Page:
Sequoyah and His Talking Leaves
A Play about the Cherokee Syllabary
From the Series Setting the Stage for Fluency
In the early 1800s, white settlers and missionaries were intent on bringing the English language to the illiterate Native Americans. Sequoyah was intrigued by these leaves of paper with strange marks that talked. Doing what no one had ever done before, Sequoyah set about creating a written Cherokee language—helping preserve the tribe’s history and culture even today.
|Interest Level||Grade 3 - Grade 5|
|Reading Level||Grade 3|
|Publisher||Red Chair Press|
|Imprint||Red Chair Press|
|Number of Pages||40|
“Feeney’s attractive pastel illustrations complement the dialogue nicely, creating a hybrid picture book/script….Apt for newly independent readers or as a classroom read-aloud or even a school play.” —Kirkus Reviews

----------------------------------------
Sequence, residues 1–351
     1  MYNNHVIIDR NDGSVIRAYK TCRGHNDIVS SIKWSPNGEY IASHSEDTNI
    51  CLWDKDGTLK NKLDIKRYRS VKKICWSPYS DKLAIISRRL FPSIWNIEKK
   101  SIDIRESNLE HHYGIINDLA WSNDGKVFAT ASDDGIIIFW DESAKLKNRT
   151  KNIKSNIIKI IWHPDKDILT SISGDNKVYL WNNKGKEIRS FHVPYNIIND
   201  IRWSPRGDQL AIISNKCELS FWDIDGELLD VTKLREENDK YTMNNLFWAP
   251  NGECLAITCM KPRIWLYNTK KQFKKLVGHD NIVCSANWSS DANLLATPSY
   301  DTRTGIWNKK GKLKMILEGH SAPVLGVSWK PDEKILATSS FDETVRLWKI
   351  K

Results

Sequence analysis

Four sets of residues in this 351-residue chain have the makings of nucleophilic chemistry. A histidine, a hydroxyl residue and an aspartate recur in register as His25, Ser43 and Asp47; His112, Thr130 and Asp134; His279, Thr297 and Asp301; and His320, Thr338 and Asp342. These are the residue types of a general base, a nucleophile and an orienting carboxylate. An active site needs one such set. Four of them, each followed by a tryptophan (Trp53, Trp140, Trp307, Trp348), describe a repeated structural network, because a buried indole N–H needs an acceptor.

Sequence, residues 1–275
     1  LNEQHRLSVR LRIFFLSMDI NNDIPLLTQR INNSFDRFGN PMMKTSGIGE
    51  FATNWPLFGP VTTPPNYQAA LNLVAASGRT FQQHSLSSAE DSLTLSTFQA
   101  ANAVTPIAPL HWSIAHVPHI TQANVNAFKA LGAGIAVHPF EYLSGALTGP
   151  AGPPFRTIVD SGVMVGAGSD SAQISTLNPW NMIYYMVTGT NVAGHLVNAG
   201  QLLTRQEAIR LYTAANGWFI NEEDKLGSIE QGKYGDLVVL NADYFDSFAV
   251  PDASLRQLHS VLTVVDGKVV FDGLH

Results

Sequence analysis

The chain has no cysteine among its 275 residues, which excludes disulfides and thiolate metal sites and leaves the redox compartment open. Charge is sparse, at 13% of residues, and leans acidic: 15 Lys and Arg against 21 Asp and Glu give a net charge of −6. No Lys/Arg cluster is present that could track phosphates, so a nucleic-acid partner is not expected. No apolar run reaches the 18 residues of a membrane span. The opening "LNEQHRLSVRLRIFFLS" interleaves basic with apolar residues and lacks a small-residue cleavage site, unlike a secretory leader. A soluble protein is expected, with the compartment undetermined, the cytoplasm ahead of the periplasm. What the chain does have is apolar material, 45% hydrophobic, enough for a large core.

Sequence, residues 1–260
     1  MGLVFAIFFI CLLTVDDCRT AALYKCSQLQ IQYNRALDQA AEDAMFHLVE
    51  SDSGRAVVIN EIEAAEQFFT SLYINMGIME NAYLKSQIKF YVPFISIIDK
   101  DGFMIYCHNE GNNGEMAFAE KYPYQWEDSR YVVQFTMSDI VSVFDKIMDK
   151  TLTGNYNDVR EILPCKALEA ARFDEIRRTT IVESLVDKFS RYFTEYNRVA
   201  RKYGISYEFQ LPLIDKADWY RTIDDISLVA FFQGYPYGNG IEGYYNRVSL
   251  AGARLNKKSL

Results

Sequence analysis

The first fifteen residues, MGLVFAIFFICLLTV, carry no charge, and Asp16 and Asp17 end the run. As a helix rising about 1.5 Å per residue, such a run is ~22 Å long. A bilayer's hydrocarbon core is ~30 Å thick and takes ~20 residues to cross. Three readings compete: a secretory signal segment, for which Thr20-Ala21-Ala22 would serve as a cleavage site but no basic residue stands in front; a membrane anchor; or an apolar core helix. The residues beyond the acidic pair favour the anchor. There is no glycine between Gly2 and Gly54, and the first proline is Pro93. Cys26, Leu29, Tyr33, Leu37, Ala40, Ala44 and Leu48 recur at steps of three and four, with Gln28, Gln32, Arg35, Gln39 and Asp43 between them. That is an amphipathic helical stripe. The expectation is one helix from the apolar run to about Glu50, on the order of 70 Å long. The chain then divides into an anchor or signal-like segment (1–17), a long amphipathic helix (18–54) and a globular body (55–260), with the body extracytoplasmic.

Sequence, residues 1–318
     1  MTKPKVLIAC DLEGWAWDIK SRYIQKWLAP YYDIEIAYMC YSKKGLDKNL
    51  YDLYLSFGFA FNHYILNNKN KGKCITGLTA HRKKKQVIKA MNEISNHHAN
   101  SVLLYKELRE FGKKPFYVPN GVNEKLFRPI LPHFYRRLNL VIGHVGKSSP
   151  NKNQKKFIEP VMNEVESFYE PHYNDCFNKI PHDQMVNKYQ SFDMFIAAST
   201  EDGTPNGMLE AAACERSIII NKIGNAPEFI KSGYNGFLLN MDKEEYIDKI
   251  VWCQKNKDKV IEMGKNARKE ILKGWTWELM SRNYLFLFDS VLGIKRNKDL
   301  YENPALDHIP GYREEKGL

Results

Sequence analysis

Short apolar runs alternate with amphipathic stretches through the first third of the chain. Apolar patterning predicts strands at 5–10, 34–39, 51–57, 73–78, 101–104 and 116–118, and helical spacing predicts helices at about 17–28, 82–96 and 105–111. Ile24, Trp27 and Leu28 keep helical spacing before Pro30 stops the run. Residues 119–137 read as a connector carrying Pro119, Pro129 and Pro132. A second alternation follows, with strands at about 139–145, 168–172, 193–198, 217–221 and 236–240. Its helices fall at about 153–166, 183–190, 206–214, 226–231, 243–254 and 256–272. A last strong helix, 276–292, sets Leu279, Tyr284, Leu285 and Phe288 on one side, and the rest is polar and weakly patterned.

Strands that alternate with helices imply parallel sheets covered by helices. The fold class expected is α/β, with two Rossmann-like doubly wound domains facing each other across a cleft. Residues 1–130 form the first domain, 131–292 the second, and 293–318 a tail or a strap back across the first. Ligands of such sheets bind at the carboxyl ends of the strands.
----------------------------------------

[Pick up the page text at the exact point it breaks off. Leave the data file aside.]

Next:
Illustrator: Siri Weber Feeney
Siri Weber Feeney drew in books, on walls, and on the piano as a child. Now, she's drawing and designing projects she's been asked to do—which are all more fun than drawing on the piano.
Author: Pat Perrin
Pat Perrin has written more than 100 books with her husband. For 13 years she lived in San Miguel de Allende, Mexico where she created and managed a scholarship program for at-risk youth.
Author: Wim Coleman
Wim Coleman has written more than 100 books with his wife. For 13 years he lived in San Miguel de Allende, Mexico where he created and managed a scholarship program for at-risk youth.